DETAILED DESCRIPTION

In general, any of a variety of color languages may be used to describe color. These languages have been developed to describe qualities which are visually perceived. The teachings and claims of this invention are directed toward that which is visually perceived, which may be described by the use of any color language. Although the invention is described with reference to a particular color language system described below, the invention is not intended to be limited to that context. In other words, it is contemplated that other color language systems could also be used to describe the present invention.

The present invention recognizes that it is useful to describe architectural paint colors with reference to hue, value, and chroma as contemplated by a theoretical color system. To describe the invention, it will be helpful to provide a context for the discussion of color, including a three-dimensional color space model.

An appropriate theoretical three-dimensional color space is graphically illustrated in FIG. 1. A vertical value axis 20 is shown. The value of color, i.e., the lightness or darkness of color, is determined by the vertical position within the color space. Color becomes lighter as the vertical position increases. The hue of color, i.e., the quality of color which is described by the words “red,” “yellow,” etc., is determined by the angular position about value axis 20. The chroma, i.e., brightness, of color is determined by the radial distance from value axis 20. Chroma is equal to 0 at the value axis 20. The color space is described below with respect to each of the individual dimensions value, hue, and chroma.

According to the system, color has a finite value (lightness) range. Thus, as shown in FIG. 1, value axis 20 has a finite length. By definition, the minimum value of color is 0, represented at the bottom point 22 of value axis 20, and the maximum value of color is 100, represented at the top point 24 of value axis 20. Value axis 20 represents varying lightness shades of gray, with the darker grays being nearer to the bottom of the axis and the lighter grays being nearer to the top. The bottom point 22 of value axis 20 has zero lightness and corresponds to pure black, the darkest color. Moreover, only pure black has a value equal to 0. Thus, the color space converges at point 22 of value axis 20. The top point 24 of value axis 20 has maximum lightness and corresponds to pure white, the lightest color. Moreover, only pure white has a value equal to 100. Thus, the color space converges at point 24 of value axis 20. Due to the convergence of the color space at the endpoints 22, 24 of value axis 20, the color space has a cocoon-like shape, as shown in FIG. 2.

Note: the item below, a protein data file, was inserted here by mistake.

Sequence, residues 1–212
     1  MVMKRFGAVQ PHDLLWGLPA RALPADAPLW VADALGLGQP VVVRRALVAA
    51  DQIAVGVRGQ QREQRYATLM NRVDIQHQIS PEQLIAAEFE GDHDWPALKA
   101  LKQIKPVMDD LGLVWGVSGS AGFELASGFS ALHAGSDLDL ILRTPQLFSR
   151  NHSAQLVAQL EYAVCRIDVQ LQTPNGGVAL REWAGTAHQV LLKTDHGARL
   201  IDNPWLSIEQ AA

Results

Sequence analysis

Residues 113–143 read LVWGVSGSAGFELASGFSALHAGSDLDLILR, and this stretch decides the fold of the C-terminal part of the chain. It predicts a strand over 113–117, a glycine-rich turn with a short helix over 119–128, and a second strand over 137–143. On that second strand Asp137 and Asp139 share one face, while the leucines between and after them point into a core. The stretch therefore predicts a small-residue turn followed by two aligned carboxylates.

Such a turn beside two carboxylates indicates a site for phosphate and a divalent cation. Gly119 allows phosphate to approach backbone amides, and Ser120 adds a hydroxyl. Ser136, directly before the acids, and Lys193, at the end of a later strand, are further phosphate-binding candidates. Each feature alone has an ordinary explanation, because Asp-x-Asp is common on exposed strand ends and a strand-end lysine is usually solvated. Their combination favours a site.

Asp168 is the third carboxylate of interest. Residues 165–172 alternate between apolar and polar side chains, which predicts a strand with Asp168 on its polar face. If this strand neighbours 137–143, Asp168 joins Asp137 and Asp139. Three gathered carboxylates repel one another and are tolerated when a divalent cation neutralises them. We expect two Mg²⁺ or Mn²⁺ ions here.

According to the system, color also has a finite hue range. Color hue is limited to the angular positions spanning 0° to 360° about value axis 20. As the angular position about the axis changes, color transitions through a fixed sequence of hues. FIG. 3 shows a horizontal cross-section of the color space, intersecting value axis 20 between the endpoints 22 and 24 shown in FIG. 1. In other words, FIG. 3 shows a plane within the color space, having a uniform value between 0 and 100. As shown in FIG. 3, in the counterclockwise direction about the value axis, hue transitions through the following generalized sequence: red, pink, violet, indigo, purple, blue, aqua, green, yellow, and orange. Of course, the colors indicated in FIG. 3 will be lighter or darker for different values between 0 (point 22) and 100 (point 24).